On Labor Day, remember the safety of people who work

Published 11:28 am Sunday, September 3, 2017

ST. PAUL —  Every day, three million Minnesotans go to work.

The Minnesota Department of Labor and Industry is urging citizens take a moment to think about the effort needed to ensure they return home safe and sound each day.

“In the past decade, Minnesota has seen the number of work-related injuries and illnesses fall from 124,800 in 2005 to 91,500 in 2015; a 27 percent decrease,” says Ken Peterson, Minnesota Department of Labor and Industry commissioner. “To continue this positive trend, we need to develop even safer work sites so more workers go home healthy each night.”

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But even with improvements, major strides are still needed to keep Minnesotans safe on the job, said Paul Aasen, Minnesota Safety Council president.

“No one goes to work thinking they will get hurt or sick. No one purposely puts themselves in harm’s way. And safety professionals across our state work hard every day to keep their co-workers safe. Nonetheless, the numbers remind us we have more to do,” he said.

“On a typical day, 205 Minnesotans suffer a workplace illness or injury. Of these, 97 are serious. Every five days, a worker in Minnesota dies on the job. Every fatality, injury or illness is one too many and all are preventable,” Aasen added.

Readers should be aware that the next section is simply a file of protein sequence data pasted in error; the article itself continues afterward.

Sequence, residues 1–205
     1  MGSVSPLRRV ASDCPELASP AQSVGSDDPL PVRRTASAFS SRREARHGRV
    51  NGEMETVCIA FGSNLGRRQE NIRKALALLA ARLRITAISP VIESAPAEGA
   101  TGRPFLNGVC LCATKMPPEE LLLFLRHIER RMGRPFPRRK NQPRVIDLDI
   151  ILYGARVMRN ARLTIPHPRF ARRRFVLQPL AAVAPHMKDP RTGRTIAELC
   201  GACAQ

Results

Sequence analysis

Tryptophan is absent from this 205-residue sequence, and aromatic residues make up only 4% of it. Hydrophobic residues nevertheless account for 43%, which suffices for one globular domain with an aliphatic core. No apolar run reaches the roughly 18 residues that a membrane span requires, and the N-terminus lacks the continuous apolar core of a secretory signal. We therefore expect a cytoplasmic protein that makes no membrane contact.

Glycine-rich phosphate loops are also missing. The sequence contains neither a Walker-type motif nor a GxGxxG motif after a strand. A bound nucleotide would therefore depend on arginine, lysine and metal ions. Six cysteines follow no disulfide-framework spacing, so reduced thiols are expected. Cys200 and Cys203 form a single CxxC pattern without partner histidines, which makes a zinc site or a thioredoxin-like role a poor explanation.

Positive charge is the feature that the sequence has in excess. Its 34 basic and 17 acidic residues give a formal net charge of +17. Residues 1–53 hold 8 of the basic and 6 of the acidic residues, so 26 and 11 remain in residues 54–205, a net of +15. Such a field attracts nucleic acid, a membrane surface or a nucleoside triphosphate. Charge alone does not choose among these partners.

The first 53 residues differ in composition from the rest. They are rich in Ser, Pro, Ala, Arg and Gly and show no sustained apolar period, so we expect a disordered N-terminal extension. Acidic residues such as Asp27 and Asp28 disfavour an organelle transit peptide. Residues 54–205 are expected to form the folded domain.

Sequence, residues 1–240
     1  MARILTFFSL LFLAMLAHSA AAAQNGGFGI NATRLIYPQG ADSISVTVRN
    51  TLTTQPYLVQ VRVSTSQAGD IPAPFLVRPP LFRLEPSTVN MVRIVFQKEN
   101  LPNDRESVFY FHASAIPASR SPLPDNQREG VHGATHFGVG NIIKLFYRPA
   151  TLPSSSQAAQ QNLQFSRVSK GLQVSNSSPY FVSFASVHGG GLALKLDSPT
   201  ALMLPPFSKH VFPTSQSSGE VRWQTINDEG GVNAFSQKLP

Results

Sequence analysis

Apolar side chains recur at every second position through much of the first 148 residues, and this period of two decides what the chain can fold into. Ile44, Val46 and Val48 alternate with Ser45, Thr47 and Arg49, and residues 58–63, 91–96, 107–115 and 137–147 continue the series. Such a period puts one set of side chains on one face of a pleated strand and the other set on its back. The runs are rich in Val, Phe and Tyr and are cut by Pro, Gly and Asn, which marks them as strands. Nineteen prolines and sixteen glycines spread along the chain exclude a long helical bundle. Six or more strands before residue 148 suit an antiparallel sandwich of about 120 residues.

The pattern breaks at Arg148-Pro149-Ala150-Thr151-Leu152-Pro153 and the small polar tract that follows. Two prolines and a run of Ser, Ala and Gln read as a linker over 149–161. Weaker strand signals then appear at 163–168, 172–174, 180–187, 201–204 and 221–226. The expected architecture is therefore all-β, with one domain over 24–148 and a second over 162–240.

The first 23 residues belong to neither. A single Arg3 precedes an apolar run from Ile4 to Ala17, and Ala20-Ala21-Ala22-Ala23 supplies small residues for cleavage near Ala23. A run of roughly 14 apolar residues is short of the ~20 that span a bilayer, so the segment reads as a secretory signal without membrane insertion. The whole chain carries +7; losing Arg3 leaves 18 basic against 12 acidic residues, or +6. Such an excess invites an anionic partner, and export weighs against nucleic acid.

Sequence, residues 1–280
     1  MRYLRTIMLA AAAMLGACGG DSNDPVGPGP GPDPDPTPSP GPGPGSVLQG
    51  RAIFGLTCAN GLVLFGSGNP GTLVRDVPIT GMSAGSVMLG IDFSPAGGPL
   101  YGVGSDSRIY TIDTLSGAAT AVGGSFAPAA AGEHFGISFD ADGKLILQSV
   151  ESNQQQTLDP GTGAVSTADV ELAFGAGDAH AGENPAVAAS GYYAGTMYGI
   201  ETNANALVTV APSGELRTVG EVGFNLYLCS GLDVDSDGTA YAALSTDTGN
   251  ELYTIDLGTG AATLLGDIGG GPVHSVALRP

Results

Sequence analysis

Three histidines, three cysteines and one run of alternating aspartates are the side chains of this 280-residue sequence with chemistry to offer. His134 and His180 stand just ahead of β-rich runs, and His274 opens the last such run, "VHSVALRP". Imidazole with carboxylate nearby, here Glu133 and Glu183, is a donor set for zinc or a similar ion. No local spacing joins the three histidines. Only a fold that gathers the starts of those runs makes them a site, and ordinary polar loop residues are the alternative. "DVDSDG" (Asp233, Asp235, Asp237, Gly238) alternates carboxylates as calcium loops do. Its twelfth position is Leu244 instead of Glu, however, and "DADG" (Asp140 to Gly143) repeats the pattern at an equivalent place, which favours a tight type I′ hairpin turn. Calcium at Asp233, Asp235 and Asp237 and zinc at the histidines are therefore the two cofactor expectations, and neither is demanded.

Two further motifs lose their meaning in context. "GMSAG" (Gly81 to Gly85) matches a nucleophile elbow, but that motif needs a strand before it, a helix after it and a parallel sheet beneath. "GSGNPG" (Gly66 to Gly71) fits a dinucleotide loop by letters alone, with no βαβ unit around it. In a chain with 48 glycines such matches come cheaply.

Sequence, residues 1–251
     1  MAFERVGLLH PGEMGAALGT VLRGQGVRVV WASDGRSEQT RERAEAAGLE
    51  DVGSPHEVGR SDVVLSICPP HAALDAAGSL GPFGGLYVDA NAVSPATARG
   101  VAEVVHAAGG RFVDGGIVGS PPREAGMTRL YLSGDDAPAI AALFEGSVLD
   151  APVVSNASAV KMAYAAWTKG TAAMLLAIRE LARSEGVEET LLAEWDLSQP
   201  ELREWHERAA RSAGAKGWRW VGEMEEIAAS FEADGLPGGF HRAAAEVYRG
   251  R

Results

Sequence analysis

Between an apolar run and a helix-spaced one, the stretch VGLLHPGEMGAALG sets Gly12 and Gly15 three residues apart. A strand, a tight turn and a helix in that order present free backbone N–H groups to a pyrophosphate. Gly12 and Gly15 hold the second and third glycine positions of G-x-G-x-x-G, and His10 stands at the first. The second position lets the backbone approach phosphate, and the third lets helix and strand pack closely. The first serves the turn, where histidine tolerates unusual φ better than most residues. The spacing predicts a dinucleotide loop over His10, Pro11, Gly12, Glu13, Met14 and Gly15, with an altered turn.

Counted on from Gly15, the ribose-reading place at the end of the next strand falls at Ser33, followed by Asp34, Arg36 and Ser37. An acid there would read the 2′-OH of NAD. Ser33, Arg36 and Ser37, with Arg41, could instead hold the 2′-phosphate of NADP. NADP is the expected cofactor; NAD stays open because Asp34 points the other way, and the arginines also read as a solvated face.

The Minnesota Department of Labor and Industry, Minnesota Department of Health and the Minnesota Safety Council have just released the 2017 edition of their workplace safety information. The annual statistical report highlights several key worker safety and health indicators.

Highlights include:

• At 2.7 per 100,000 workers, Minnesota’s 2015 fatal occupational injury rate is below the 3.4 national rate for that year.

• Agriculture remains one of the state’s most dangerous sectors. Between 2011-2015, 31 percent of fatal work injuries were among those employed in the agriculture, forestry, fishing and hunting businesses, particularly among workers in crop production jobs.

• More than one in three fatal workplace injuries involved driving or operating a vehicle.

• While the number of claims has dropped since 2006, Minnesota’s total workers’ compensation costs rose in 2015 to $1.75 billion, up about 5 percent from 2014.

“Minnesota Workplace Safety, 2017” is available at www.minnesotasafetycouncil.org/WorkplaceSafetyDashboard.pdf